By Jane Steffen
Loss is inevitable in the dog world, whether anticipated or unexpected, and it can be an emotional experience. As my years of living with Siberian Huskies increase, so does the size of my “Old Friends” album. Although it may be politically correct to claim that every dog is loved on an equal basis, I admit I have always had favorites. Sometimes the dog picked me; sometimes I made the choice; and sometimes it was an immediate connection that lasted a lifetime.
The start of the year was difficult, with the loss of two older dogs—both at home, and within days of each other. Neither was anticipated, yet the reality of eventual loss always stands in the shadows when age 12 looms. Thankfully, the next generation helps us to focus on the future while we fondly remember the past.
They were half-sister and -brother, on the dam’s side of a line-bred pedigree—and that was where the similarities ended. Equally different was my relationship with them. She was a mischievous puppy, and her life’s only ambition was to intimidate all who met her. She dominated the kennel for years, only to be dethroned by a spunky young bitch who had no concept of respect for her elders. The other dogs were her subjects, and humans were acknowledged only when bearing food or treats. Her interests did not include the show ring or working in harness, although she was given every chance to succeed at both. She was structurally beautiful and stubborn as a mule. Life was on her terms, and I often felt that attitude cost her relationships with humans and her kennelmates. When later in life she allowed an older male to share her outdoor kennel run and doghouse, I was happy for her.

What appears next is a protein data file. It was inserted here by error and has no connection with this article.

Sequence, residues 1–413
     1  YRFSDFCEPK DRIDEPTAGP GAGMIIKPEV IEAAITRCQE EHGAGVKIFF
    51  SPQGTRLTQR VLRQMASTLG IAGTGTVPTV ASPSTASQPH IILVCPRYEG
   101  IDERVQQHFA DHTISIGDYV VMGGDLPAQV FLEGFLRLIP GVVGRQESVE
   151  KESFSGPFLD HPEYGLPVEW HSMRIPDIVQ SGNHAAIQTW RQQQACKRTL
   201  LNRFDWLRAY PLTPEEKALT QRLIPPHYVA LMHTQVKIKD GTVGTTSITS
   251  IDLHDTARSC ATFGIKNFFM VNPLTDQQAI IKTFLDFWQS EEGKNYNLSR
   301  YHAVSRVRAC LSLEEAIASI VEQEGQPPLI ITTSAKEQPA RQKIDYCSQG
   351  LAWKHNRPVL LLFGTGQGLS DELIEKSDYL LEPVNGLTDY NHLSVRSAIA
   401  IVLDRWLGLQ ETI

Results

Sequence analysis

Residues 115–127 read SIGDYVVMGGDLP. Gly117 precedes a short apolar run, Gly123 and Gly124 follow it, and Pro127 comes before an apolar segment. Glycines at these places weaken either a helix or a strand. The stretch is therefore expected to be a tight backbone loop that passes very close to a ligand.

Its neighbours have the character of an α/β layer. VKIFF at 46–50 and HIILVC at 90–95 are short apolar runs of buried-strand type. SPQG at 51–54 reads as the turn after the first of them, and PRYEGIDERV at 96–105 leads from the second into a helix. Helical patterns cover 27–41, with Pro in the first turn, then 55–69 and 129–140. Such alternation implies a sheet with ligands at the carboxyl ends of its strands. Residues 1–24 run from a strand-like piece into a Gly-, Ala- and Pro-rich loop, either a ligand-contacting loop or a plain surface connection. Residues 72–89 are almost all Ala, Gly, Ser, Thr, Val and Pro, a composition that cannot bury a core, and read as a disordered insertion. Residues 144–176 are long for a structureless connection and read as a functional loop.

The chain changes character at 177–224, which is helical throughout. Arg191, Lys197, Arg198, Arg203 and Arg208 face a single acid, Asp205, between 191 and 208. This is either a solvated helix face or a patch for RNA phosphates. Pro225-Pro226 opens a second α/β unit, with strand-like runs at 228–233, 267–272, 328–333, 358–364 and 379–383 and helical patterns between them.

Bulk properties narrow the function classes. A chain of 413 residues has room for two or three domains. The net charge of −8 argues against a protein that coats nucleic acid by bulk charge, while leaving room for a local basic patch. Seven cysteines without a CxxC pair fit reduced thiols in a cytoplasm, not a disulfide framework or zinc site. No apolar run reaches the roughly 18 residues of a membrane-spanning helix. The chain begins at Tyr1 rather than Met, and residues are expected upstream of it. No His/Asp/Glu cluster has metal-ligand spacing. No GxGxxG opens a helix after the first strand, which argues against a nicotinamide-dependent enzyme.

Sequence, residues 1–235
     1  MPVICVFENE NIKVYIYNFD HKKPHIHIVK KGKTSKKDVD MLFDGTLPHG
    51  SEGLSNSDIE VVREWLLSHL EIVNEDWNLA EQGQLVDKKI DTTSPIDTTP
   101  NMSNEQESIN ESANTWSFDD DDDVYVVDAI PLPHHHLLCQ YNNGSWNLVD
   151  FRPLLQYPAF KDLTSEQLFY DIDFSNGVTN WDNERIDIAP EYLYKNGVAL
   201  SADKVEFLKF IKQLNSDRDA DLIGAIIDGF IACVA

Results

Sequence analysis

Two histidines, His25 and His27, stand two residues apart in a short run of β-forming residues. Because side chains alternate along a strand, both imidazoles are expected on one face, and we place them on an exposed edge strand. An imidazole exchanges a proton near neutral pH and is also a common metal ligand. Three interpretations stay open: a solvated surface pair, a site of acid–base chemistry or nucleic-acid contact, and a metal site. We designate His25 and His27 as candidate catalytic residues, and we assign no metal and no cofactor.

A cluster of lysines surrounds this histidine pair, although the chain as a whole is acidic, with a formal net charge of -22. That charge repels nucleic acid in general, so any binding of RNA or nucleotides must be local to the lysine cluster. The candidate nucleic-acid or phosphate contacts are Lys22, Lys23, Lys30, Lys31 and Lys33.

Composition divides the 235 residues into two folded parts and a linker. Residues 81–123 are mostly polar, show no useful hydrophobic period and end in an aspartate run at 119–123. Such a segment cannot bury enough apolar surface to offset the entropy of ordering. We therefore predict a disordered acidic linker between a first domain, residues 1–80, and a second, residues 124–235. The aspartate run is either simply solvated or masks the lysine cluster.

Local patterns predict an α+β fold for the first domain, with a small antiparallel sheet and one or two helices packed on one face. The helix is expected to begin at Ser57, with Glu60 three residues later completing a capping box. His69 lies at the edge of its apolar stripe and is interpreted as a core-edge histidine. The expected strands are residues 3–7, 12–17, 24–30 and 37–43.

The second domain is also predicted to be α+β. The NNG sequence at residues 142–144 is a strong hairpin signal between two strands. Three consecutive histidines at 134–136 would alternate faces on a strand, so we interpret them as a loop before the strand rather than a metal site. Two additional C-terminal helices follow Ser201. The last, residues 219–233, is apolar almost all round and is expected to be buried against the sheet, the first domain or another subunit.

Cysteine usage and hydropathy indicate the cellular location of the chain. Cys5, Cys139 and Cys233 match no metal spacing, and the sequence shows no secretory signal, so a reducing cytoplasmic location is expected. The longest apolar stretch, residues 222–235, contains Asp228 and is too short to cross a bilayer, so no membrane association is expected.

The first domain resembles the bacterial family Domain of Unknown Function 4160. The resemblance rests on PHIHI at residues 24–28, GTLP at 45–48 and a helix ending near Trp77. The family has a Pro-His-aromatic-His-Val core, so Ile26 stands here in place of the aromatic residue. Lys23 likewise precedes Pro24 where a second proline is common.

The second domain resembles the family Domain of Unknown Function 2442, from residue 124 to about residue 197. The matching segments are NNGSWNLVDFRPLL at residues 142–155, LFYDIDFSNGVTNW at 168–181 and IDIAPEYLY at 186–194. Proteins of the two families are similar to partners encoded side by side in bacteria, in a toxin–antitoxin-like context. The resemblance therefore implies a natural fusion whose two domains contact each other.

A few days after her loss, I learned she had been the last survivor of her litter, and it made me feel I had not totally failed her.
He was a “once in a lifetime” dog, the grandson of a much-loved champion. From the moment I first saw him at 8 weeks of age, I sensed he was special. I desperately wanted him, but he had been promised to another dual-purpose home. When I handled him at his first puppy match, our connection was immediate, and my appreciation for him soared. He seemed to tell me to be patient: Good things would come.
Shortly after his first birthday, the old dog-sledding belief that “red dogs can’t run” would send him to me. Life was good, be it in the show ring, running wheel on the team, or snuggling in bed. With the help of close friends, he became a Top 10 Siberian, with multiple group and specialty wins and a Best in Show.
She was never bred. By choice, he sired only eight litters, producing offspring who became successful in their own right. Seeing his descendants follow in his footsteps keeps alive my love of the breed and hope for its future.
Two of his yearling grandsons are living at the house. One, who reminds me of his grandfather, is about to begin his show career. The other, reminiscent of his great-great-grandfather, would make a wonderful addition to an active family. But as the months pass, I find excuses to not pursue that path. Sometimes, a dog just picks you.